The inheritance pattern of 3-methylglutaconic aciduria type IV is unknown.

Where can I find information about diagnosis or management of 3-methylglutaconic aciduria?

These resources address the diagnosis or management of 3-methylglutaconic aciduria and may include treatment providers.

You might also find information on the diagnosis or management of 3-methylglutaconic aciduria in Educational resources and Patient support.

General information about the diagnosis and management of genetic conditions is available in the Handbook. Read more about genetic testing, particularly the difference between clinical tests and research tests.

To locate a healthcare provider, see How can I find a genetics professional in my area? in the Handbook.

Where can I find additional information about 3-methylglutaconic aciduria?

You may find the following resources about 3-methylglutaconic aciduria helpful. These materials are written for the general public.

You may also be interested in these resources, which are designed for healthcare professionals and researchers.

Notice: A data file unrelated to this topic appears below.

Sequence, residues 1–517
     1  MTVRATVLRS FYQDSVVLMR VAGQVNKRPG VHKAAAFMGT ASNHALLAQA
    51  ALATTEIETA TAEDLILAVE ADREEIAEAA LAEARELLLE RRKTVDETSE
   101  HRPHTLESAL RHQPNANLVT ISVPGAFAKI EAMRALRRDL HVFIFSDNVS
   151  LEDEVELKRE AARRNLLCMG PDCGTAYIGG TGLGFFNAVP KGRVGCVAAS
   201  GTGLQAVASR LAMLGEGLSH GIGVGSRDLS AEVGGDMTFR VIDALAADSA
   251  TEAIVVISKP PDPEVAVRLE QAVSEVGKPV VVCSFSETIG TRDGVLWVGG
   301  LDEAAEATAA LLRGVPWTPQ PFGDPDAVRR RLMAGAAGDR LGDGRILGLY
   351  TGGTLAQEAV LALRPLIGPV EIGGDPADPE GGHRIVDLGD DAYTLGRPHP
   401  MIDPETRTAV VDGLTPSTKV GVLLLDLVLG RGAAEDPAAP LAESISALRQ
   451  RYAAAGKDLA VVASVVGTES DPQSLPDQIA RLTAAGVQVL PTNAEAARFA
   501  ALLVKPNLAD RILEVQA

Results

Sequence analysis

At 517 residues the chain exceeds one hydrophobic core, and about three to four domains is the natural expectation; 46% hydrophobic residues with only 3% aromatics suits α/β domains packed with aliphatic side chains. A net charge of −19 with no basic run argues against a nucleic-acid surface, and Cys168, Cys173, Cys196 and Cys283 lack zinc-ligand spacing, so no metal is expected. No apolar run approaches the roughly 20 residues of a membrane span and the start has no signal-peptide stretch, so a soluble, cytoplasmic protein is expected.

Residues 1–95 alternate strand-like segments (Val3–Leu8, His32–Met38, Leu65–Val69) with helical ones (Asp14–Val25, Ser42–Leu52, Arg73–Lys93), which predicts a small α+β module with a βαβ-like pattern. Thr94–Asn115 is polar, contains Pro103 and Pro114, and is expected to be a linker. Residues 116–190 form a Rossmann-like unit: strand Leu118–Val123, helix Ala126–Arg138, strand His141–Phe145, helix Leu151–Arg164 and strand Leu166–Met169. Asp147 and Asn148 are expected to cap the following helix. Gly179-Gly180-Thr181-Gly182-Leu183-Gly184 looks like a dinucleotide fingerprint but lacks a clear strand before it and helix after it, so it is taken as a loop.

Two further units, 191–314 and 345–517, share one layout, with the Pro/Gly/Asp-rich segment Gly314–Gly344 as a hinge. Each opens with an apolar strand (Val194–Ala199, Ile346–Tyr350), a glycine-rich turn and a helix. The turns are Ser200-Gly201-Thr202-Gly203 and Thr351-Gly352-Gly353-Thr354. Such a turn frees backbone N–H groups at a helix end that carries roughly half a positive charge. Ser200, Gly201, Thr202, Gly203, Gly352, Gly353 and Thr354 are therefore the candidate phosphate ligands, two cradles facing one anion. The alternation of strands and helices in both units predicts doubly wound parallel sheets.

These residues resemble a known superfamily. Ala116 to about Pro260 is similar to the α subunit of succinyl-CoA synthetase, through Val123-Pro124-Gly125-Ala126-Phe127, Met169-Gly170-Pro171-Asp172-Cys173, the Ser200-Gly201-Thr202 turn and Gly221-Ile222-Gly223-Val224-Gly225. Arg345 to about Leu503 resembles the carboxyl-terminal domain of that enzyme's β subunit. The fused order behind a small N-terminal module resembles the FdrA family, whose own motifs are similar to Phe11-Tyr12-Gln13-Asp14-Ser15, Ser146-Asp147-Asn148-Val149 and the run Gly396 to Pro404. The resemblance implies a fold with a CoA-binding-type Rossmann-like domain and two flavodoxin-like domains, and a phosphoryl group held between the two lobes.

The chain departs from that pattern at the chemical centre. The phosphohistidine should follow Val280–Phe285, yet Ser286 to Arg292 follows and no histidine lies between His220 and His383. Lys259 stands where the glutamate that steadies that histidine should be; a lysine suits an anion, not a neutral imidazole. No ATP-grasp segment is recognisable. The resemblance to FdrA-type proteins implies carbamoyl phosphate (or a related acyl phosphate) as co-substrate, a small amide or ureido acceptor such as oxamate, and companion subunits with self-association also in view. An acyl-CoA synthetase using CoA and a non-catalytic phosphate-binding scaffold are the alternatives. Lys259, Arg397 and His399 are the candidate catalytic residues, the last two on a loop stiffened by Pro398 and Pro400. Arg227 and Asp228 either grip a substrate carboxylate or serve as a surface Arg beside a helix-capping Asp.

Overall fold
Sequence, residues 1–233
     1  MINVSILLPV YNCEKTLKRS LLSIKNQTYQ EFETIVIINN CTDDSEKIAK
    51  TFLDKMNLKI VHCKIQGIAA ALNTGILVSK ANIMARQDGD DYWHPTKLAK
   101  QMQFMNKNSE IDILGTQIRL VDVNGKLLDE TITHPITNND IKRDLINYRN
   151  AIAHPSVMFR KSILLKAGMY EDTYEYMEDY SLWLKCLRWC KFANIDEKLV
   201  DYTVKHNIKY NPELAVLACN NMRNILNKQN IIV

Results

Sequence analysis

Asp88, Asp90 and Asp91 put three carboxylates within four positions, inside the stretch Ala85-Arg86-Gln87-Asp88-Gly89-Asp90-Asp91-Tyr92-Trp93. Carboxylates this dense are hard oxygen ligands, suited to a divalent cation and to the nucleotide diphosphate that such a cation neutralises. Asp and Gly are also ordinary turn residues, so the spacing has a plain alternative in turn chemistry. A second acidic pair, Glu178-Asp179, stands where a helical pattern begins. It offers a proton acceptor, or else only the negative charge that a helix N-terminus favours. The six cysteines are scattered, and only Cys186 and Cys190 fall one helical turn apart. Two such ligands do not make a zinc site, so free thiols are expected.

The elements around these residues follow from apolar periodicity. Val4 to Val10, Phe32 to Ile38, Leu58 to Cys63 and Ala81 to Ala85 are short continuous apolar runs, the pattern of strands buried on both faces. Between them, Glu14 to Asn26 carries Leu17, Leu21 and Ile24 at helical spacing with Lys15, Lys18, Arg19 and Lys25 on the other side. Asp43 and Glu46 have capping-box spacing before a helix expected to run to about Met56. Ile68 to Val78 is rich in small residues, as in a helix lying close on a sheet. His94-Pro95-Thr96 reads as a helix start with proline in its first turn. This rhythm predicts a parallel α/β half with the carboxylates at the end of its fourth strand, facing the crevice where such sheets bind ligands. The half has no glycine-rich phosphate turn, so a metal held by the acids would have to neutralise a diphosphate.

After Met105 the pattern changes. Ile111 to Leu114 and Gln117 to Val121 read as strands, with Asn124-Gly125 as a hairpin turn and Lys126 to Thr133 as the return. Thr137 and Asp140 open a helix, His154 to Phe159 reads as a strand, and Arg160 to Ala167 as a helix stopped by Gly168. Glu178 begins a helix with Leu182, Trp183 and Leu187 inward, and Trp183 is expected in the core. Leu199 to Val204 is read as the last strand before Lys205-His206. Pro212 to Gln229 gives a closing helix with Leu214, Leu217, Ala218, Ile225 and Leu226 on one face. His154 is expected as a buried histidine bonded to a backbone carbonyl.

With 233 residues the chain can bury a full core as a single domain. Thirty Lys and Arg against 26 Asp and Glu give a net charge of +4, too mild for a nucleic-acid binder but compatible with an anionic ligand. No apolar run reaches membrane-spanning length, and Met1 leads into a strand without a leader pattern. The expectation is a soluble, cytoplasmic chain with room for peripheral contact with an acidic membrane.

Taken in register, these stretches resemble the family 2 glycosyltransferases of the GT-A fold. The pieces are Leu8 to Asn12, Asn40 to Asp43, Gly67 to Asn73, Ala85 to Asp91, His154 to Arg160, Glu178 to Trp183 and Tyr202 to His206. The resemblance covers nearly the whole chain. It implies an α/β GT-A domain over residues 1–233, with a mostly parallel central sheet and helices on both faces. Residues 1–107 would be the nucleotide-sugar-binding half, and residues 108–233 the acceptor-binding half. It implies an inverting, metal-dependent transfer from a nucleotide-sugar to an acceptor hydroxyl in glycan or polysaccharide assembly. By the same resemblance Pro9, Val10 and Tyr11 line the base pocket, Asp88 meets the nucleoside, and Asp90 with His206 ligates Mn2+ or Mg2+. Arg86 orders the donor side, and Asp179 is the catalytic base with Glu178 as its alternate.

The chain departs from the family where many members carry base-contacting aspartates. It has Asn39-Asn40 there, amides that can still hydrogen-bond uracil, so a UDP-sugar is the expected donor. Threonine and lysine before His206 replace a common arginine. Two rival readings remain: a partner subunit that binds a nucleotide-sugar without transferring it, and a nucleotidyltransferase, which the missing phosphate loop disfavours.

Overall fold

What other names do people use for 3-methylglutaconic aciduria?

  • 3MGA

For more information about naming genetic conditions, see the Genetics Home Reference Condition Naming Guidelines and How are genetic conditions and genes named? in the Handbook.

What if I still have specific questions about 3-methylglutaconic aciduria?

Where can I find general information about genetic conditions?

What glossary definitions help with understanding 3-methylglutaconic aciduria?

References (14 links)

 

The resources on this site should not be used as a substitute for professional medical care or advice. Users seeking information about a personal genetic disease, syndrome, or condition should consult with a qualified healthcare professional. See How can I find a genetics professional in my area? in the Handbook.

 
Reviewed: November 2007
Published: July 7, 2014